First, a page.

Miscarriage

About one out of every five pregnancies ends in miscarriage (also called a spontaneous abortion). Usually this happens because the pregnancy is not growing or developing properly. There is nothing you can do to prevent this kind of miscarriage. There are a few rare kinds of miscarriage, such as subchorionic haematoma (a blood clot under the placenta) or insufficient cervix (where the cervix gradually opens too early) which sometimes can be treated successfully with bed rest, and for an insufficient cervix, with a special stitch put in by an obstetrician. Most of the time, it doesn’t matter what you do: a healthy pregnancy will stay inside you and grow.

 

The first sign of a miscarriage is usually bleeding with cramps. Bleeding and cramps can also occur in normal pregnancies, so don’t panic if this happens to you. You don’t need to go to bed or to Emergency, but take it easy until you talk to your midwife. Usually we suggest that you do no heavy work and do not have sex until you can be examined and have an ultrasound to find out what is going on. After the examination and ultrasound, you will find out from your midwife one of three things. You may have a perfectly normal pregnancy and may go back to your usual activities. You may have a rare condition which needs bed rest and special treatments, or you may be miscarrying.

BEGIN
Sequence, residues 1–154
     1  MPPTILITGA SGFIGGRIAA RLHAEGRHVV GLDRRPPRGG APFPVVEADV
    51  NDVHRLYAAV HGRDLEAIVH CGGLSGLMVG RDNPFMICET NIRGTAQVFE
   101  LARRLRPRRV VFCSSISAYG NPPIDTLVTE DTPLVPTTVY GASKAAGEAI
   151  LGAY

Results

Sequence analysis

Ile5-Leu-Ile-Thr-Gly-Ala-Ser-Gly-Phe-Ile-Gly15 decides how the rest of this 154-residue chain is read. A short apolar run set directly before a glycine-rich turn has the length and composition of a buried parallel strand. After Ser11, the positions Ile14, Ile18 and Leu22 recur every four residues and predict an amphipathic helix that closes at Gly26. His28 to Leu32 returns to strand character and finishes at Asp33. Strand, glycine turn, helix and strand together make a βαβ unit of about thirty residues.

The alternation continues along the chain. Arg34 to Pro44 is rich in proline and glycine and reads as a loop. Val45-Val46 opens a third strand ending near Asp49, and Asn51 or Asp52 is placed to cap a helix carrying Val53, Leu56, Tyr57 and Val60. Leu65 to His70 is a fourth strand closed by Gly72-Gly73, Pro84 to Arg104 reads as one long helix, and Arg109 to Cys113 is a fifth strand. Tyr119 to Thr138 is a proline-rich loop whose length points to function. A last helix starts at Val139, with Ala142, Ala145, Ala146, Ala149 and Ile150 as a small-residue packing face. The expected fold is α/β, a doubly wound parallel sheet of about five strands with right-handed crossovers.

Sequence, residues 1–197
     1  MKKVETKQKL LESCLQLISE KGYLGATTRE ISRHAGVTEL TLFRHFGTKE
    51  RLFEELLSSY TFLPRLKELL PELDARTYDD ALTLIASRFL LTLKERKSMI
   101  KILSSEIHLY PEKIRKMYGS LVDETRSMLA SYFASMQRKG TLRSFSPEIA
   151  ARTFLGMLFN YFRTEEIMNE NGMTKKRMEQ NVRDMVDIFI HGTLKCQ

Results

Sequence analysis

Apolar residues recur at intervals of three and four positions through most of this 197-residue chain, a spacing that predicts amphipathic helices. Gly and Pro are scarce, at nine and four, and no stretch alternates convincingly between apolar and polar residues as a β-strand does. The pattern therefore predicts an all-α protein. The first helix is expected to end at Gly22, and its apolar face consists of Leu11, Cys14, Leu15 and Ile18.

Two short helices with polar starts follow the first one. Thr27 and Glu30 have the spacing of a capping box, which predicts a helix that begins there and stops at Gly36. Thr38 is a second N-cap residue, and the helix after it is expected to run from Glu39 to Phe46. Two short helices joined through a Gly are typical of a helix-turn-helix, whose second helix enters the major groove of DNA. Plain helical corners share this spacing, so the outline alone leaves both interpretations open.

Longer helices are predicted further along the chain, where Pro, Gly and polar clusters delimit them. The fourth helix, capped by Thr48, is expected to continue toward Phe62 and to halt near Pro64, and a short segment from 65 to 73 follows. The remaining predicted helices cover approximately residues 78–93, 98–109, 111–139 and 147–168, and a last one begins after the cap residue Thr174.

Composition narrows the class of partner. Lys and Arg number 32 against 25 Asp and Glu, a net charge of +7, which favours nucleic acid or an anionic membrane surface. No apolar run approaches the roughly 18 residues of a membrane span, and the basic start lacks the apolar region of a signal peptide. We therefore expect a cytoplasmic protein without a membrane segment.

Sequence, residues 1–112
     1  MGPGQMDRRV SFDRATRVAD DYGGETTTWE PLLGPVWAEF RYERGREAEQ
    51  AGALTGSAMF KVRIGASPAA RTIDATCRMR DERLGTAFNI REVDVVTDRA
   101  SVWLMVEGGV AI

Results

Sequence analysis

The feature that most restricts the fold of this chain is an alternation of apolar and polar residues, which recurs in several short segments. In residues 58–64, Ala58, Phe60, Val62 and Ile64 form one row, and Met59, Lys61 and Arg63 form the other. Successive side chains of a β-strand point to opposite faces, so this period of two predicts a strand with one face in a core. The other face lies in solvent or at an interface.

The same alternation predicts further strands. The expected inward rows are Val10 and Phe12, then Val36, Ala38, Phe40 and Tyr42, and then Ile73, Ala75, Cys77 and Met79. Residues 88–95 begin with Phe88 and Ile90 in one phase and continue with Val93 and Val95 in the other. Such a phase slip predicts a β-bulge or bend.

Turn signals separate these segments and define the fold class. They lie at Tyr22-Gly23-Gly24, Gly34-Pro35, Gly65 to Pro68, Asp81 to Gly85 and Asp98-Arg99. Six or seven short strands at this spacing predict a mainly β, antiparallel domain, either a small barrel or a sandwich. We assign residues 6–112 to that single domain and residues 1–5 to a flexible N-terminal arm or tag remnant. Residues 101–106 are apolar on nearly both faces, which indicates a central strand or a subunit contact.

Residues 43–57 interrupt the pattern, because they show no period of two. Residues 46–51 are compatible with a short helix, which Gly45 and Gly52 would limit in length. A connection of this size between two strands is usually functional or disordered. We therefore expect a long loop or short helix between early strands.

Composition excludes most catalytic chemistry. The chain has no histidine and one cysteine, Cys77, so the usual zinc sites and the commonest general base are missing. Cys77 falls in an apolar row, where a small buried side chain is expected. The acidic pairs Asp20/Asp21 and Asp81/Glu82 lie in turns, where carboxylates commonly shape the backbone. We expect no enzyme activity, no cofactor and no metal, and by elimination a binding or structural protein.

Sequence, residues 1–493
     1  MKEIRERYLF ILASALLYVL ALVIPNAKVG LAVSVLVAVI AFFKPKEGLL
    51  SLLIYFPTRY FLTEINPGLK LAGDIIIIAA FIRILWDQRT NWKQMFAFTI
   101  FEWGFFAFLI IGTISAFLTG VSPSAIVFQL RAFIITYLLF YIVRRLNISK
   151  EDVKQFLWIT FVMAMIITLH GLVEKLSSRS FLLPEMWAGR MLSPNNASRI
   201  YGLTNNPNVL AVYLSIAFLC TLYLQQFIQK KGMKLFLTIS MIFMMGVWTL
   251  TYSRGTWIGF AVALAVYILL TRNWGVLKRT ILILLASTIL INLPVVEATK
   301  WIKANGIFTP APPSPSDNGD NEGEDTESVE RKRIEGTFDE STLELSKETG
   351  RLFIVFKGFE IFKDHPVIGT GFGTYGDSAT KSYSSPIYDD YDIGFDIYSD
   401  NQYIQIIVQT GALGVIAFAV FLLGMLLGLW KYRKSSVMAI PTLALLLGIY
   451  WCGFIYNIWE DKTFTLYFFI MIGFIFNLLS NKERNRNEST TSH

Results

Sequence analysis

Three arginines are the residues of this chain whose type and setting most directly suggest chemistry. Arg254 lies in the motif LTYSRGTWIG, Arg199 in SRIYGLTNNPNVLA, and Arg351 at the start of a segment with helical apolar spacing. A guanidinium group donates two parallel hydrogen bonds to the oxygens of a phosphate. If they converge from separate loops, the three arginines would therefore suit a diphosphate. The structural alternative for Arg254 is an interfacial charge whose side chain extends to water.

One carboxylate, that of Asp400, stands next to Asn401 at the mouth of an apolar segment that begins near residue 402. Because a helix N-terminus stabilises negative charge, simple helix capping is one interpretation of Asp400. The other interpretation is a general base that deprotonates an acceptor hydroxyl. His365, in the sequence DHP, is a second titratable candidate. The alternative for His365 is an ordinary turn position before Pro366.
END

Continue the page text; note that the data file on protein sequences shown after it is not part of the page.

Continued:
If you are miscarrying because the pregnancy is not growing properly, there is nothing you can do to stop it. Miscarriage is a natural process and is rarely dangerous. Most women will start with a little bleeding and a few cramps. This bleeding will get heavier than a period and the cramps may get severe. A hot water bottle will help. You may take acetaminophen (Tylenol) or ibuprofen (Advil) for the pain or your doctor may prescribe a stronger painkiller. The bleeding may include big dark red blood clots and then you may see the pregnancy tissue, which is usually pink or greyish. Once the pregnancy tissue has passed, the cramps will go away and you will feel better. After that, you will bleed like a normal period. Your next period may be a bit late.

 

Some women may need to go to the hospital for a D&C (dilation and curettage). This involves having an anaesthetic and having the uterus emptied with a suction machine. This is necessary if the bleeding is too heavy for too long, if the pain cannot be controlled, or if you have signs of infection.

 

 

Call your midwife or go to the hospital if…..

 

  1. You are soaking more than 2 pads per hour for more than 3
  2. Hot water bottles and painkillers are not working and the pain is more than you can
  3. Your temperature is more than 38 degrees Celsius or 101 degrees Fahrenheit for 2 readings half an hour

 

Having a miscarriage is a sad, upsetting experience. Share your feelings with your partner, family, or friends. Discuss any concerns and plans for future pregnancies with your midwives.

 

 

Dr. Ellen Wiebe